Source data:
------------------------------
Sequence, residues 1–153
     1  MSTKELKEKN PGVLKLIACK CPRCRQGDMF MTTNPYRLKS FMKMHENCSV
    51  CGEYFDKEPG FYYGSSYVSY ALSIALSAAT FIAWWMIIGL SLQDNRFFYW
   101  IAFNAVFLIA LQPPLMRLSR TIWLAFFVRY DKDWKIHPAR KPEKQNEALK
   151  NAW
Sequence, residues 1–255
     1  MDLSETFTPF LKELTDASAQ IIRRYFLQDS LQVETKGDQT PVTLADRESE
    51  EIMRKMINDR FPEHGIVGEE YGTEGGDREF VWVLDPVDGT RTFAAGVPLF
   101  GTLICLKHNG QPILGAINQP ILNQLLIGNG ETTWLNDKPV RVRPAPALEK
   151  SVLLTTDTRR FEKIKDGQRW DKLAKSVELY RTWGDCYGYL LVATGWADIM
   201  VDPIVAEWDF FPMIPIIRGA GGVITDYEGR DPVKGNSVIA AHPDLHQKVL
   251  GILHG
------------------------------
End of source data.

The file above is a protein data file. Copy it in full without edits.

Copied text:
Sequence, residues 1–153
     1  MSTKELKEKN PGVLKLIACK CPRCRQGDMF MTTNPYRLKS FMKMHENCSV
    51  CGEYFDKEPG FYYGSSYVSY ALSIALSAAT FIAWWMIIGL SLQDNRFFYW
   101  IAFNAVFLIA LQPPLMRLSR TIWLAFFVRY DKDWKIHPAR KPEKQNEALK
   151  NAW
Sequence, residues 1–255
     1  MDLSETFTPF LKELTDASAQ IIRRYFLQDS LQVETKGDQT PVTLADRESE
    51  EIMRKMINDR FPEHGIVGEE YGTEGGDREF VWVLDPVDGT RTFAAGVPLF
   101  GTLICLKHNG QPILGAINQP ILNQLLIGNG ETTWLNDKPV RVRPAPALEK
   151  SVLLTTDTRR FEKIKDGQRW DKLAKSVELY RTWGDCYGYL LVATGWADIM
   201  VDPIVAEWDF FPMIPIIRGA GGVITDYEGR DPVKGNSVIA AHPDLHQKVL
   251  GILHG